Abstracts: An Erupting Volcano, a Lost Satellite, and More

A roundup of science news from around the Web — and around the world.

• Alaska’s most active volcano is quieting down after two days of dramatic displays, including strong tremors, spurts of lava, and a 37,000-foot ash plume that blanketed a local village in grit. (Alaska Dispatch News)

• The Great Barrier Reef is ailing, a coral task force declared yesterday. The massive structure’s corals are experiencing the most severe bleaching — an often-fatal reaction to stressors like high temperatures — ever seen. (The Washington Post)


Research in mice could could shed light on a natural compound for combating the lethal C. diff bacterium. Visual by JacobStudio/iStock

• Japan’s newly launched satellite “Hitomi,” created to study black holes, appears to have partially broken up in the atmosphere.  The Japanese space agency JAXA is working to reestablish contact with any surviving equipment that was onboard. (BBC News)

• A presidentially-backed push by health officials would require doctors to log prescriptions to high-risk drugs, like painkillers, in a tracking system intended to prevent drug abuse and overdoses. (The Associated Press)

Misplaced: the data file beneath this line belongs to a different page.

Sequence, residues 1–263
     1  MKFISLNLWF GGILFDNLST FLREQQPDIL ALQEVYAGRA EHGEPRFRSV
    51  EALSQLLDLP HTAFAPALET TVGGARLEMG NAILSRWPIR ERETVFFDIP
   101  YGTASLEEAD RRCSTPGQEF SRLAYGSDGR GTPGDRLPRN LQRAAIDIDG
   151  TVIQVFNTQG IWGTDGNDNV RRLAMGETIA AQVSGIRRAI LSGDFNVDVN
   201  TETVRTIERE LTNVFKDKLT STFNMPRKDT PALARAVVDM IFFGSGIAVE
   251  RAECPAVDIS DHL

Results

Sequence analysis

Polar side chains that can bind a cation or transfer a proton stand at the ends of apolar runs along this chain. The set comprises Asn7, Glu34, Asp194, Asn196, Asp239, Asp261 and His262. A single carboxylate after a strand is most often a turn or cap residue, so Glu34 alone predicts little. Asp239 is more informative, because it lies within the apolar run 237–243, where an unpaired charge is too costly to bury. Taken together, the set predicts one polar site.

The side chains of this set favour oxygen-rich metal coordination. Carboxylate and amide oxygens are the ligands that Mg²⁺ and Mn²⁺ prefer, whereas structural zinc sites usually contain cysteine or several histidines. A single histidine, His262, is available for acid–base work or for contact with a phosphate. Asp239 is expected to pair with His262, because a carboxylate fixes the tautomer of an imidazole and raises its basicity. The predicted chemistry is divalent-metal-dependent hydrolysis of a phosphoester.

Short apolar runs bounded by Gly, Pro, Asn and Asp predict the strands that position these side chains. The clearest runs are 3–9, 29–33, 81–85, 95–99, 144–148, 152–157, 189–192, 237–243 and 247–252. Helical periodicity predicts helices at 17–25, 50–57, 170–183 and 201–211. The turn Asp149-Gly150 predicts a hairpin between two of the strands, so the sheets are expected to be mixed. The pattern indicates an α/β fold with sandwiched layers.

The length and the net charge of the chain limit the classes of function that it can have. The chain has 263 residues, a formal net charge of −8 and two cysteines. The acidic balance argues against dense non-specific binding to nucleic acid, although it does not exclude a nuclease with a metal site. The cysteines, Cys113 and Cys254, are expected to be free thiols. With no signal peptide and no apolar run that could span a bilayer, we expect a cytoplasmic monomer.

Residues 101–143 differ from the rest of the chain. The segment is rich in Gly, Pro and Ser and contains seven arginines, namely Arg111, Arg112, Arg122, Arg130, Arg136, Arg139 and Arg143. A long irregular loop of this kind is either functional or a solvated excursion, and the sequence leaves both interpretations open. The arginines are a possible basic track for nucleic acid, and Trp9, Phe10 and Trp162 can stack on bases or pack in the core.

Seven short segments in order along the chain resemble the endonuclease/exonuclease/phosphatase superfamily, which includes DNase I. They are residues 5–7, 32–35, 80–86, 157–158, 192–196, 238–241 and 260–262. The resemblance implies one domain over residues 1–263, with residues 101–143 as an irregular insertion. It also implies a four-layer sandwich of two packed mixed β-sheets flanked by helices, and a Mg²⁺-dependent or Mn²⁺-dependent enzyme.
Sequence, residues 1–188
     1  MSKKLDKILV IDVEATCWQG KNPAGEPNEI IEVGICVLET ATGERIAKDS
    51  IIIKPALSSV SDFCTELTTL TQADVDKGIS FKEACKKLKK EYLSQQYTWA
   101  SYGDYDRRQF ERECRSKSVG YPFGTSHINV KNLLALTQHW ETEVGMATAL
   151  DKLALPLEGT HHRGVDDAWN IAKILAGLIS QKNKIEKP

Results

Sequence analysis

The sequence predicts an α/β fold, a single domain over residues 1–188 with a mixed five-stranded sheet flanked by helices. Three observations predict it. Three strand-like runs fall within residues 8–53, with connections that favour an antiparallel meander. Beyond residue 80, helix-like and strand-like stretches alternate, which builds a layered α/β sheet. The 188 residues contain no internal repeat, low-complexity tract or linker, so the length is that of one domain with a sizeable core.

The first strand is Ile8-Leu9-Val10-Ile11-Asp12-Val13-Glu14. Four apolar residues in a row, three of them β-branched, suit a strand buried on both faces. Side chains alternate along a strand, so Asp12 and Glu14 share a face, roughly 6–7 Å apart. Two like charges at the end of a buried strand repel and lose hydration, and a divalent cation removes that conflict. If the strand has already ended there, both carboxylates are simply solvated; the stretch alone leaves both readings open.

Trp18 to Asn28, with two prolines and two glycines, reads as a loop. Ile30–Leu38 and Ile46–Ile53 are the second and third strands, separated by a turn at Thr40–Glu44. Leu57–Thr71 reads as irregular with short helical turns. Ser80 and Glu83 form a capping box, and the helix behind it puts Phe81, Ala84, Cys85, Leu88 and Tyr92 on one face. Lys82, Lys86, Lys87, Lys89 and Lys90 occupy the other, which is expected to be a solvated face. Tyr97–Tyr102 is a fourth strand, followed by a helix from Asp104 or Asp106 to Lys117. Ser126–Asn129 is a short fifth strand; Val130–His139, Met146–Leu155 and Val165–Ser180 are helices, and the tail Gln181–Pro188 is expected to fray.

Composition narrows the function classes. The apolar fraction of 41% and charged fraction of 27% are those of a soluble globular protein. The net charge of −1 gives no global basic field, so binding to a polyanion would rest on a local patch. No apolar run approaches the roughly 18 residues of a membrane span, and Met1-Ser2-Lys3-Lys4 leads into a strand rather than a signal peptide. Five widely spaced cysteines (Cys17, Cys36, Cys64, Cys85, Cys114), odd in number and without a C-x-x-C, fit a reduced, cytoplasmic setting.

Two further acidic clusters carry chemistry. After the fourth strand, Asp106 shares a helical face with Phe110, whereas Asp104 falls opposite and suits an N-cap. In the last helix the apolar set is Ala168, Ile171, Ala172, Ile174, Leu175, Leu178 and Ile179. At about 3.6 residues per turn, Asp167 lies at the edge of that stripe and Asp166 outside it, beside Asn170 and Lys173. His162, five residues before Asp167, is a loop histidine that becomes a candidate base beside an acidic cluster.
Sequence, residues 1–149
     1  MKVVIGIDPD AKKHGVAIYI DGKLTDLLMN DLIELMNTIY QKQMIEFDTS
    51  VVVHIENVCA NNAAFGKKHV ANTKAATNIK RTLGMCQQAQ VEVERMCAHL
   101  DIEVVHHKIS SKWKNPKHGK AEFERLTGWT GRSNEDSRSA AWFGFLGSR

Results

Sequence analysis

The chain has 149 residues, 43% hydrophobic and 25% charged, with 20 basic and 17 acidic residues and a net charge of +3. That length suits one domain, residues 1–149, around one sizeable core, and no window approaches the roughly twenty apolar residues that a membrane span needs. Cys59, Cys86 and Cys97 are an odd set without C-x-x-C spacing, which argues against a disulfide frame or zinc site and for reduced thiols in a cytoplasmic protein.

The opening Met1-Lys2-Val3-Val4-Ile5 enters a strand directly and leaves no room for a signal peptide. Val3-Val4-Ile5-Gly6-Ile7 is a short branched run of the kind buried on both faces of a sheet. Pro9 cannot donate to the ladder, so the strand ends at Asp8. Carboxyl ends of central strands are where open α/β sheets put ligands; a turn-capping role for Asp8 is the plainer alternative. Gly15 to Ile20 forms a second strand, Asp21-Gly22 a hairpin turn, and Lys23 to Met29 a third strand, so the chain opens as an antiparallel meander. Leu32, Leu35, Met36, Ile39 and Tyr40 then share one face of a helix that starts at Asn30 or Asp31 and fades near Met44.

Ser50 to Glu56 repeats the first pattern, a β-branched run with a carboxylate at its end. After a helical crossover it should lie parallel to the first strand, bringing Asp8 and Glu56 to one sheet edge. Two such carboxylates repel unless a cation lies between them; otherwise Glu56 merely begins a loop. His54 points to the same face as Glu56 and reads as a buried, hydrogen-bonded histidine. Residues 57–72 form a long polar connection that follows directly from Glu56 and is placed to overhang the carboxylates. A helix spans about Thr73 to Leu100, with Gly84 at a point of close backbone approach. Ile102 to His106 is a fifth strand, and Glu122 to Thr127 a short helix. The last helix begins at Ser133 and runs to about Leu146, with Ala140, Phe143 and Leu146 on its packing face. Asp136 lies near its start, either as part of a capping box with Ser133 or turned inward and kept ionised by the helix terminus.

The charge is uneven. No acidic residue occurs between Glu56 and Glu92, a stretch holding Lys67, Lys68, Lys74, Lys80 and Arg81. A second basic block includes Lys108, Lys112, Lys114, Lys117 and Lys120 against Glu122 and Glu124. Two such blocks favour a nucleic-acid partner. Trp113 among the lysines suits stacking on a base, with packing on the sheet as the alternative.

• Vietnam boasts a remarkable 90 percent cure rate for uncomplicated tuberculosis patients — but their success is a fragile one thanks to a strained health care system. (The New York Times)

• Surprising optimism for the fishing industry: A new study says that if countries share the rights to fish harvests, most of the world’s overfished populations could recover within ten years — without taking money away from fishermen. (National Geographic)

• According to new research in mice, swapping out a single atom could make a natural compound much more effective in combating potentially lethal infections of the bacterium C. diff. (STAT)

• Ignorance is bliss: The comet that passed by Earth on March 22 — the third-closest flyby in recorded history — was significantly larger than previously thought. (Discovery News)

• Journey to the Chhota Shigri Glacier in India, where a lack of glacial research means that scientists are still unsure how Himalayan ice is reacting to climate change — even as local villages see meltwater flood in. (The New Yorker)

• And finally: Quantum computers, which would allow enormous gains in computing power thanks to atomic-sized information units, have moved one step closer to reality. (PC World)